Beyonce's £50 million Pepsi deal opened up a wider debate on celebrities, advertising and promotion last year, with Mrs Carter seemingly having no qualms selling sugary carbonated drinks despite helping Michelle Obama's Let's Move fitness campaign.
For years, Pepsi and Coca-Cola have been criticized for targeting children, with many arguing that when consumed to excess the drinks have negative effects on long-term health. However, in a recent interview with Flaunt, Beyonce rejected the idea of hypocrisy, saying, "Pepsi is a brand I've grown up seeing my heroes collaborate with. The company respects musicians and artistry. I wouldn't encourage any person, especially a child, to live life without balance."
The singer - the biggest R&B star in the world - has been heavily criticized for lending her name to the brand.
"Knowles is renting her image to a product that may one day be ranked with cigarettes as a killer we were too slow to rein in," Mark Bittman wrote in the New York Times. "From saying, as she once did in referring to Let's Move, that she was 'excited to be part of this effort that addresses a public health crisis,' she's become part of an effort that promotes a public health crisis."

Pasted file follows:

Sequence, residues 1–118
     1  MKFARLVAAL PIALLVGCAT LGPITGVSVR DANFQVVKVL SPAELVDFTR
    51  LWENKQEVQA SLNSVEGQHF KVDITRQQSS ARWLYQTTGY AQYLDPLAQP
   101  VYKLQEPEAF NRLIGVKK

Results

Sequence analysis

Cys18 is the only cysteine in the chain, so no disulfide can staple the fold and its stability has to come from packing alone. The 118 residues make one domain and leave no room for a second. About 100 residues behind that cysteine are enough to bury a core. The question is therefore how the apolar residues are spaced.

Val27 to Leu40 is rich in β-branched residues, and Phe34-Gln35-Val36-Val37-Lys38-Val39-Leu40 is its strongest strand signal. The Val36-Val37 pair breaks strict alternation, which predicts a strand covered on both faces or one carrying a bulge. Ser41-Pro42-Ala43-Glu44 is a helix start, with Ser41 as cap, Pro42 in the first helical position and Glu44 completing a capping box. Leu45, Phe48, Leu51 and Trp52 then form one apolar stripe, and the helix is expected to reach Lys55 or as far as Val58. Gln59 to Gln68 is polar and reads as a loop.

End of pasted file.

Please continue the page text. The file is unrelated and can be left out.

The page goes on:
The Pepsi deal is a lucrative yet complex affair. It not only includes traditional advertising spots, but also gives the drinks company a stake in her art. Essentially, Pepsi is opening up new investment avenues while the singer doesn't have to worry about finding the cash to support her projects.
The deal was the biggest celebrity endorsement in recent years, though by no means the only one. Alicia Keys assumed the mantel at Blackberry, as did Will.i.am for Intel and Justin Timberlake for beer Bud Light. Taylor Swift signed a huge deal to be a "brand ambassador" for Diet Coke.
"I wanted to share some news with you, because we're finally making it official with one of the great loves of my life. Diet Coke," Swift said in a strange YouTube video announcing the Coke deal in January.
There has been some serious aggressive criticism towards the recent spate of celebrity endorsements. Dan Charnas, author of The Big Payback: The History of the Business of Hip-Hop, told Variety, "What the f*ck does Alicia Keys have to do with Blackberry? And when has Alicia ever had the aesthetic to be a creative director of anything except an album? It doesn't make any sense to me, other than it's a company trying to make something that's inorganic more organic. It's the co-optation of cool."
As Beyonce clearly has no real connection with Pepsi, or should she be more upfront about her reasons for promoting the brand - money. The rapper Ice Cube is upfront about his endorsement of Coors Light, "You just wanna make sure at the end of the day everybody's going to be happy," he said, "I want to be happy, I want Coors Light happy, and to do that I want us to sell a hell of a lot of beers and make their projected numbers."
Beyonce Performing at the Glastonbury Festival
Beyonce's Pepsi Deal Is One Of The Biggest In History